Profiles of Egypt's two presidential candidates who will take part in next month's runoff:
The former Air Force commander and civil aviation minister was Mubarak's last prime minister and was dumped after the president's ouster. Shafiq scores points by presenting himself as a strongman and stabilizer who will restore law and order within 24 hours of taking office. Opponents view him as the military's favorite.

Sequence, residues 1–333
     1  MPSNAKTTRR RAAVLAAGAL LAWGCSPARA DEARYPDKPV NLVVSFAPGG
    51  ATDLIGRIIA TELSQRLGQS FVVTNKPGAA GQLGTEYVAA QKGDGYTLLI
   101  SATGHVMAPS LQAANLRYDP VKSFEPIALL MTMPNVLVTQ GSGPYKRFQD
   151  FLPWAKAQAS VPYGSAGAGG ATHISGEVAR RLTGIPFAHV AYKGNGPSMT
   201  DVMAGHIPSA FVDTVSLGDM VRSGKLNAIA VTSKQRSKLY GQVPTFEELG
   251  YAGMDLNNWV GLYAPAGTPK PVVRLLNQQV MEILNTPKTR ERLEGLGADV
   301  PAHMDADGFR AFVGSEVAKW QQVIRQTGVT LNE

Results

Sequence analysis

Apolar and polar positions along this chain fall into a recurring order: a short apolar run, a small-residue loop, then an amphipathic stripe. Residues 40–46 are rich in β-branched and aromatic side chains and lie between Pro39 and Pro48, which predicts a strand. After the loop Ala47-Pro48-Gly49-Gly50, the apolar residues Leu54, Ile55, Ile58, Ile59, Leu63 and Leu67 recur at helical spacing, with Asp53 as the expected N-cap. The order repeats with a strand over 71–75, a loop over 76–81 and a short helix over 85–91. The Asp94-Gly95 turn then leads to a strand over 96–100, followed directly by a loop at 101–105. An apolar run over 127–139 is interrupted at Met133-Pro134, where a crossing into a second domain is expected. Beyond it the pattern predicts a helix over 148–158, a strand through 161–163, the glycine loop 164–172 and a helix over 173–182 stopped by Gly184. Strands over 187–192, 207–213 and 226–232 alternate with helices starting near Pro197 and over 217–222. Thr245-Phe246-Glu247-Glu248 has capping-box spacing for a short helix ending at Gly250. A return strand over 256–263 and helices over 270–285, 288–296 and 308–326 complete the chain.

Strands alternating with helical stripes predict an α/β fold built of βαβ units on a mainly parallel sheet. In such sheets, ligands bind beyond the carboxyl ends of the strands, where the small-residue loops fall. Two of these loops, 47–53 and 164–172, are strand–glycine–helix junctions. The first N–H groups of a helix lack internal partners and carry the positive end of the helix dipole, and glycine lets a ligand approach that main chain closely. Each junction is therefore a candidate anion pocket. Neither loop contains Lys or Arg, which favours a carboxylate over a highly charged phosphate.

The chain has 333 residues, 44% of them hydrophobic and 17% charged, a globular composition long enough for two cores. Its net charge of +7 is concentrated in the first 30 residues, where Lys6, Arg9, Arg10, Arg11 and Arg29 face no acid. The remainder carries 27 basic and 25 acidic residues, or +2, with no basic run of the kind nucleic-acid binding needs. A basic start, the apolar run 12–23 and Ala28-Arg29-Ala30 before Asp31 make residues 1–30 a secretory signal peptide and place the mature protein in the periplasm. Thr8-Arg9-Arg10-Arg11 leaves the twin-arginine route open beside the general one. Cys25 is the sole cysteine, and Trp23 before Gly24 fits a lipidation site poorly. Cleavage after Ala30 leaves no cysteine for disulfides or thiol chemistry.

Morsi, the Muslim Brotherhood's candidate, was educated as an engineer in southern California. Elected to parliament several times under Mubarak's rule. Morsi, 60, lacks the charisma of the Brotherhood's first-choice candidate, Khairat el-Shater, who was disqualified because of a Mubarak-era conviction, but has the backing and organizational power of the Brotherhood, Egypt's strongest political movement. Its platform promises to reform corrupt institutions, put the state on an "Islamic basis" and apply more Islamic law.